We were reading this great interview of one of our favourite artists, Jim Houser, at Fecal Face, when we realized that Houser's works make for a great resource for colour inspiration. 'I like red and blue and variations of red and blue. That's the direction it seems to be going. Browns and tans. No more pink. No more orange. No more green. Even my black is just super dark blue or brown. My white has blue or brown in it. Sea water, dog fur, and dried blood. That's my inspiration.'
A leather Chesterfield is something that just gets better with age. That perfectly distressed look isn't cheap, but there are some great bargain versions of this classic British sofa. Would you invest in the collectible, or scoop up this cozy library living room?
Every now and then we blog something that's really expensive, knowing full well that it's out of the price range of most mortals, not to mention budget-conscious decorators. We do this when we think a product is extraordinary or inspiring in some way, and deserving of emulation. In the case of the hand-crafted Whit McLeod Round Oak Dining Table, emulation by mere woodworking mortals may not be possible. This table is made right here in NorCal from quartersawn French and American White Oak that's been salvaged from local wine casks and tanks, which is one of the reasons we think it's special. 'But we're also just partial to round tables. They make for convivial meals, and as the holidays approach we find the curved lines of the steam-bent pedestal posts and the big round top refreshing and inviting.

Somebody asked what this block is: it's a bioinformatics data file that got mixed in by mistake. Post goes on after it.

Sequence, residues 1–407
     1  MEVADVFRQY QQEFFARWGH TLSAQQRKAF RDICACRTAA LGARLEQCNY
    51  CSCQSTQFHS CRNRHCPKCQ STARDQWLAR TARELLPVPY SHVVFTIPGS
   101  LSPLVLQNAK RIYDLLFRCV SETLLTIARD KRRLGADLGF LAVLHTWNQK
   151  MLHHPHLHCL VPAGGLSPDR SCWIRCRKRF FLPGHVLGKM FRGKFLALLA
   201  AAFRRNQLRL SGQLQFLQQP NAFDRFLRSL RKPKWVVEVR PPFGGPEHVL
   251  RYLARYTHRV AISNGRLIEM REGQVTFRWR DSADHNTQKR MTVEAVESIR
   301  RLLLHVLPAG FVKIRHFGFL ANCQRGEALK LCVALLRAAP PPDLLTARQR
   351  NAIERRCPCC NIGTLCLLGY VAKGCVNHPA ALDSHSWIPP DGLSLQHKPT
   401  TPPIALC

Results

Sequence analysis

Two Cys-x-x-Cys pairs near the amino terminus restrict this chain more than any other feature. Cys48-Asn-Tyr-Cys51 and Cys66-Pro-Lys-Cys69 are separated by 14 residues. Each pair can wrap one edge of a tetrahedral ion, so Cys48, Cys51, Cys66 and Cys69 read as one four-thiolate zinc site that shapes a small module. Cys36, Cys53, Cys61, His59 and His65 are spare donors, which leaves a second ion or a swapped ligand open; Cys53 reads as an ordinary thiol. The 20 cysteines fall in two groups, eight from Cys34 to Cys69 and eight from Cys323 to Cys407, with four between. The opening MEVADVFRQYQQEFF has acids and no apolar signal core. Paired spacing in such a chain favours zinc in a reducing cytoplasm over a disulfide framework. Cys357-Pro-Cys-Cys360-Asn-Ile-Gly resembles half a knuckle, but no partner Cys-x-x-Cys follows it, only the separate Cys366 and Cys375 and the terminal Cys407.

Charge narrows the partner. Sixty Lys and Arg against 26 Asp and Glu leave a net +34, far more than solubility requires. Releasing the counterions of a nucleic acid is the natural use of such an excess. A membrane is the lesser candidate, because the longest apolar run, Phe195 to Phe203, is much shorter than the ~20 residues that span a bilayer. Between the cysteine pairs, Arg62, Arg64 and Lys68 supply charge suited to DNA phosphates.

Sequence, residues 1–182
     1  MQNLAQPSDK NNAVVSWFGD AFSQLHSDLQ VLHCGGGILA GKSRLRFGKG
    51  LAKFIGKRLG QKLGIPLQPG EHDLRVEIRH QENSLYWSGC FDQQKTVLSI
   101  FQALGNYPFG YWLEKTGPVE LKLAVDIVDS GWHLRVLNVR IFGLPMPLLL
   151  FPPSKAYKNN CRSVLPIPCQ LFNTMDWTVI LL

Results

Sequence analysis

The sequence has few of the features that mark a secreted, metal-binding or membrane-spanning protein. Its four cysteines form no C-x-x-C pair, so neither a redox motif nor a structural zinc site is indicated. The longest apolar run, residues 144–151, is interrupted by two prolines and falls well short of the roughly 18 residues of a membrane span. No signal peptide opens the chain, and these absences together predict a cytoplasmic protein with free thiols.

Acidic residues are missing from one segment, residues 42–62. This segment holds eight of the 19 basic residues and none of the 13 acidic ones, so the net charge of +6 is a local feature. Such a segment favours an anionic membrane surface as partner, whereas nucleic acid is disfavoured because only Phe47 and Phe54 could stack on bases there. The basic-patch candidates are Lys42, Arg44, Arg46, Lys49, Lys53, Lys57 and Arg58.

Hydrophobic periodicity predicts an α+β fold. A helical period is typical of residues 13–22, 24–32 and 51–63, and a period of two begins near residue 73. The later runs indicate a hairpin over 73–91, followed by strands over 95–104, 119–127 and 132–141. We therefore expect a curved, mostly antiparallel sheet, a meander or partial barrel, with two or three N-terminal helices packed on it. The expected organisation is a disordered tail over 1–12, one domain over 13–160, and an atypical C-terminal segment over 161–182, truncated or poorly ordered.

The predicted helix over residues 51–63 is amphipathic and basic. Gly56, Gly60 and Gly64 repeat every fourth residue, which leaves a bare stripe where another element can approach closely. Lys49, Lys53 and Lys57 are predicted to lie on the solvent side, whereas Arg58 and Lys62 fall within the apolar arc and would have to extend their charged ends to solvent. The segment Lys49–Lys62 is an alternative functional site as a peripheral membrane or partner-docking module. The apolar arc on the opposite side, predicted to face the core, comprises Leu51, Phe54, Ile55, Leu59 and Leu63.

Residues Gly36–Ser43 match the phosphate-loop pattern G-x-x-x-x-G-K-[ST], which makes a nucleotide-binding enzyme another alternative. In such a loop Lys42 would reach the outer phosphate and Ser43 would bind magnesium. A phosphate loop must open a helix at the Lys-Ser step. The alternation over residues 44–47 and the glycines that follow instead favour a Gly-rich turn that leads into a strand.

It's been quite a while since we've done a 'Guess the Decade' post, which means it's about time we did another! Today's room is a beautiful one, and hopefully one that trips up all you design-savvy people out there. Check back tomorrow - we'll be posting the answer and the photo info then. Speculation and discussion is always welcome in the comments, but for those of you who may know the photo source info... please don't tell! Thanks!
We put out a plea for help and you always manage to throw us a bone. In our hunt for this dream of a bathtub we came up short. While we still don't have our fingers on an exact replica, one of our readers, TRUE BLUE, sent us a great list with some sweet lookin' metal tubs. Check it out below the jump.... We must admit, the toilet-bench component of this sleek bathroom set freaks us out a little bit. It could be the miracle solution for that toilet seat cover conundrum that AT:LA pointed out a while back, but we're steering clear. For a change of pace there's always the hammock tub concept. As TRUE BLUE pointed out, this tub is described as 'Soft and pliant'. Not really for the bathroom, more for a woodsy outdoor scene.... Thanks, TRUE BLUE, for the great tips!
Life after the holidays may be a bit glum, but the piles of dead trees and wreathes on the curb can make it downright depressing. We don't have a tree this year, but we did get a traditional wreath with evergreen, pine cones and juniper berries. It's beautiful, but next year we might opt for this gorgeous wreath of succulents, which will live on long after the gloomy weeks of January fade.... You can care for a living wreath with a little water and some regular pruning. While we love the look, it may be maintenance that some prefer to do without. We also must admit that the smell of our traditional wreath is heavenly, and very evocative of the season. So which style do you prefer, and what do you have up?